Wallace Monument – the historical face of Crowd Funding

194525.5439515457e89-2Crowd funding, the new way of raising funds, perhaps has historical roots with the Wallace Monument built by communal giving dating back to 1861!

The initiative to secure funding from individuals has resulted in some well-known brands, including Brew Dog, raising funds for new products and expansions and has gained a lot of media attention in recent years. Last week (8th June) tennis champion, Andy Murray has even recently invested in crowd funding firm, Seedrs.

Similarly, the National Wallace Monument, built in 1861, became a reality because of an initiative that, similar to crowd funding, connected audiences to funding the building of the Monument – no government money was secured.

With the 154th anniversary of the laying of the foundation stone approaching (24th June), the National Wallace Monument is looking back on how it all started with their very own “crowd funding” in 1861.

Designed by Edinburgh-born Glasgow architect J. T. Rochead, the commemorative monument for William Wallace was built between 1861 and 1869 and funded by Scots all over the world.

The National Wallace Monument was funded and built by contributions from people from all walks of life and all over the world, including large donations from wealthy individuals. These contributions were made from, what was known as, ‘subscribers’.

An appeals office was set up in Glasgow and after a slow start; a great deal of money was donated. Due to the nature of the monument, timing was not an issue, so the construction could be continued as the money was raised. This meant fundraising efforts could be focused to reach all segments of the community far and wide.

Well-known political reformer and influential Glasgow proponent John McAdam persuaded Kossuth, the Hungarian nationalist Garibaldi and Mazzini of Italy, and the socialist reformers Karl Blind and Louis Blanc, who were all household names in Scotland, to ‘subscribe’ to the monument by writing letters which would be displayed to encourage others to subscribe. While they did not donate any money themselves, McAdams did on their behalf, their letters were influential in attracting funds from subscribers.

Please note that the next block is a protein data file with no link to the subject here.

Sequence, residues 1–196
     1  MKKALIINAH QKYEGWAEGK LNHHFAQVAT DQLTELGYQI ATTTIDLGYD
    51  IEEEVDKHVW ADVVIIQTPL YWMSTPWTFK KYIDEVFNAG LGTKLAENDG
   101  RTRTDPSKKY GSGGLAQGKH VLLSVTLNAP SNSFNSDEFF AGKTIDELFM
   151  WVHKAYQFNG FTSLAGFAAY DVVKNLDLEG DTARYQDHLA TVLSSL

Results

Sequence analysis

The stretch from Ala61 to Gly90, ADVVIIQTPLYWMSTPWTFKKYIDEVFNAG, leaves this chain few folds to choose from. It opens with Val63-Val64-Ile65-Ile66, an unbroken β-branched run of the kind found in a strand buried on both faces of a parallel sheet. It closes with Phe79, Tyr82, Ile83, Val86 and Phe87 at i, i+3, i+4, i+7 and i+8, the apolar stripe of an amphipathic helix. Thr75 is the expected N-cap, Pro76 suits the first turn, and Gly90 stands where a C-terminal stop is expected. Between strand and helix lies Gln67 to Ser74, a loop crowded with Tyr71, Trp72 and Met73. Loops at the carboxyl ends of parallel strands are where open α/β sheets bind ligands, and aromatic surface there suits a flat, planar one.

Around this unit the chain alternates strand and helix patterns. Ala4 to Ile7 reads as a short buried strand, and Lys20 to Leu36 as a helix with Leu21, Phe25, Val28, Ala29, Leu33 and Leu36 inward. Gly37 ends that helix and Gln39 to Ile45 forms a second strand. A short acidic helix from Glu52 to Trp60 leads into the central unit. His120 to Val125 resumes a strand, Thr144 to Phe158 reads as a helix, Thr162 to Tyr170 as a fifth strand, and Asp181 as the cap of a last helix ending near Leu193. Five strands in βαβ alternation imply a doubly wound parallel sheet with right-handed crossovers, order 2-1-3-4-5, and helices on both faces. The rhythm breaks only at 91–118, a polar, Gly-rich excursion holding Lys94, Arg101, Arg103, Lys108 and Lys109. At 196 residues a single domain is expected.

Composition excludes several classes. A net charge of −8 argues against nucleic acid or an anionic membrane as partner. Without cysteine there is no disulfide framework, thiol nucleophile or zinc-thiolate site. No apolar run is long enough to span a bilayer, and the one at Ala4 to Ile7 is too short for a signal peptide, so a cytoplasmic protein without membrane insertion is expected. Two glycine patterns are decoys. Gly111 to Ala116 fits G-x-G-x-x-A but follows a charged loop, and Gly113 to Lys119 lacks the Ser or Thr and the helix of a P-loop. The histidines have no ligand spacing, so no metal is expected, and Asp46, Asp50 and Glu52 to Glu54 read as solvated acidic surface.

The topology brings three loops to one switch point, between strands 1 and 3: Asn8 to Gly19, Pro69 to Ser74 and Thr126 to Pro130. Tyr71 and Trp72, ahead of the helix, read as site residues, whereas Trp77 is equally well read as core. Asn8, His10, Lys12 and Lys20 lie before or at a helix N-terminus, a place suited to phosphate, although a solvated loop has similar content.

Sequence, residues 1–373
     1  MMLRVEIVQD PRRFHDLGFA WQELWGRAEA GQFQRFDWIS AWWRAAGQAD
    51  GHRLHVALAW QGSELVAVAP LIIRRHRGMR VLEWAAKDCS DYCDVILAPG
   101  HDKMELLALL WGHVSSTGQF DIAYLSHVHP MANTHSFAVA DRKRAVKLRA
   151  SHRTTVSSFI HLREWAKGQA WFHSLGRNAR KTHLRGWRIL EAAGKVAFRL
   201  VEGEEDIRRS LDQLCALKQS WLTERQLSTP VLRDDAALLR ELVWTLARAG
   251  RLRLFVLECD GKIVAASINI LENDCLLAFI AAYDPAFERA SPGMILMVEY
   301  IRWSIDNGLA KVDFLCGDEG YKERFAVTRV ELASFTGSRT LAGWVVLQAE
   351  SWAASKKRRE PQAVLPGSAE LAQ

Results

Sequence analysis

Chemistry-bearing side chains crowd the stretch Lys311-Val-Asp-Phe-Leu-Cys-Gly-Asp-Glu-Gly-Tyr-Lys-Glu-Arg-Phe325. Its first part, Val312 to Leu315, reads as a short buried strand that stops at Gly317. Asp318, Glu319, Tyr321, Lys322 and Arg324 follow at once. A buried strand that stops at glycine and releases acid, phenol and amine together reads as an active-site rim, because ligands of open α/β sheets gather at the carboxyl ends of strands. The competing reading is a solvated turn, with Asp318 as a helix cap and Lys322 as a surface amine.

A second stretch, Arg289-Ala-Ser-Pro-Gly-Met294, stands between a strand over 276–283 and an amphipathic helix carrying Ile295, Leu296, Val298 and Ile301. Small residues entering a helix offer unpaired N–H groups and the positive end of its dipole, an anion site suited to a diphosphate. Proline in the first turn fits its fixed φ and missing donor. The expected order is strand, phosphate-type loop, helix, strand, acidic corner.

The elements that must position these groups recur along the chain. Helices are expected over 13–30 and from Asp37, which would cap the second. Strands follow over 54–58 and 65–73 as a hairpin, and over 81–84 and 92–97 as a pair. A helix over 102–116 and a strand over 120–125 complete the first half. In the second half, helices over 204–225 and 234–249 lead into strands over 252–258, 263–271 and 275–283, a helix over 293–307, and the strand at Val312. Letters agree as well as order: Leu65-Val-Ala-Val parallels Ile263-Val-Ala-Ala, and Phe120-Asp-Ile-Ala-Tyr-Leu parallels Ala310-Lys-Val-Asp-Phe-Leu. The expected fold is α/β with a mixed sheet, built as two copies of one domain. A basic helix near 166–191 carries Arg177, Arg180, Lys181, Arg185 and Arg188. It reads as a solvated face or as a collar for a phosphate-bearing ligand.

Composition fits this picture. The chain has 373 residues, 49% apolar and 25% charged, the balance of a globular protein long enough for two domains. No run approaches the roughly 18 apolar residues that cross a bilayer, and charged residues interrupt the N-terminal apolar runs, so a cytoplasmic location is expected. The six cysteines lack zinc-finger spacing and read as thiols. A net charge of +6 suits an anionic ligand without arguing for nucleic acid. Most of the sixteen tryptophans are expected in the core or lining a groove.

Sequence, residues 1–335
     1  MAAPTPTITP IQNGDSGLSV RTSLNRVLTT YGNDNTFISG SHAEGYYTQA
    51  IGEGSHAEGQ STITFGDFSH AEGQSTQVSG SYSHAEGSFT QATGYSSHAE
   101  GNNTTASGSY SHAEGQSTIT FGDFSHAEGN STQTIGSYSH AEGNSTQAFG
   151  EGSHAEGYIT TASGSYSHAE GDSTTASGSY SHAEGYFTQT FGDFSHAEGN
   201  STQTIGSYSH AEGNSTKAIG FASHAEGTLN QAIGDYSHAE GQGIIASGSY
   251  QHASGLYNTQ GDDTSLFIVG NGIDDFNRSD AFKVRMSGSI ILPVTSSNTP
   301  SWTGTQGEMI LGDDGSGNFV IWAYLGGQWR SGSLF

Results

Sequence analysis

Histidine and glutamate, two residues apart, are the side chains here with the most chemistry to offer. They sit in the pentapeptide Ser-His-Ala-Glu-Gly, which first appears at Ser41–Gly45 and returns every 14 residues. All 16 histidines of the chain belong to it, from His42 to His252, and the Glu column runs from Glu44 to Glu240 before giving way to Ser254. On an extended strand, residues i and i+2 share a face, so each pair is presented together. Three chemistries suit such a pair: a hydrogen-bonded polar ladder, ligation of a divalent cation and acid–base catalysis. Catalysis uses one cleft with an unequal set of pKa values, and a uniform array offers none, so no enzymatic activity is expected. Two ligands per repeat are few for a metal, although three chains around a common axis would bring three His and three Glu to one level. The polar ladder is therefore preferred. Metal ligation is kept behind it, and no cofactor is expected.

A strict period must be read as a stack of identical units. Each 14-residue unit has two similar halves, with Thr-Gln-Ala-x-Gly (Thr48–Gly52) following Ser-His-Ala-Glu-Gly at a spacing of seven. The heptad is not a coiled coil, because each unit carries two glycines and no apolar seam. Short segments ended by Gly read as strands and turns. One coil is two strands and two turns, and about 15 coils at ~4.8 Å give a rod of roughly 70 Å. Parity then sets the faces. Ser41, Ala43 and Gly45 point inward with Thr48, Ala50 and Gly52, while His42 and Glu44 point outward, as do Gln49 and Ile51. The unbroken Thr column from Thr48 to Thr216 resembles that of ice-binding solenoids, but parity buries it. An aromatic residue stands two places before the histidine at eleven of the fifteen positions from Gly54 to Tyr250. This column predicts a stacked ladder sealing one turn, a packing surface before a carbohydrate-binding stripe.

The letters were written in March-May 1868, framed in the Wallace oak and later exhibited in the Wallace Monument. They included pleas to potential subscribers and showed the men’s support of William Wallace and Scotland.

In his letter Garibaldi, famed for uniting warring Italian provinces, wrote “William Wallace, Scotland’s noblest hero, sheds as bright a glory on his valourous nation, as ever was shed upon their country by the greatest men of Greece and Rome”.

In another letter, from the French socialist Louis Blanc, he stated, “Death makes no conquest of this conqueror, for he now lives in Fame, though not in life.”

Unlike crowd funding campaigns, subscribers were offered little reward apart from being part of a movement that reflected their passion for Wallace. Prominent subscribers’ names were published in The Scotsman Newspaper.

The building of the National Wallace Monument in Stirling was the ultimate master-class in fundraising, from using influencers to encourage donations to ‘special appeals’ suited to different society groups.

Celebrate Scottish heritage and visit the National Wallace Monument on 24th June. There will be presentations of ‘Scotland’s National Hero’ by costumed actors; the first performance will be at 11.15am, and the final one at 4.00pm.

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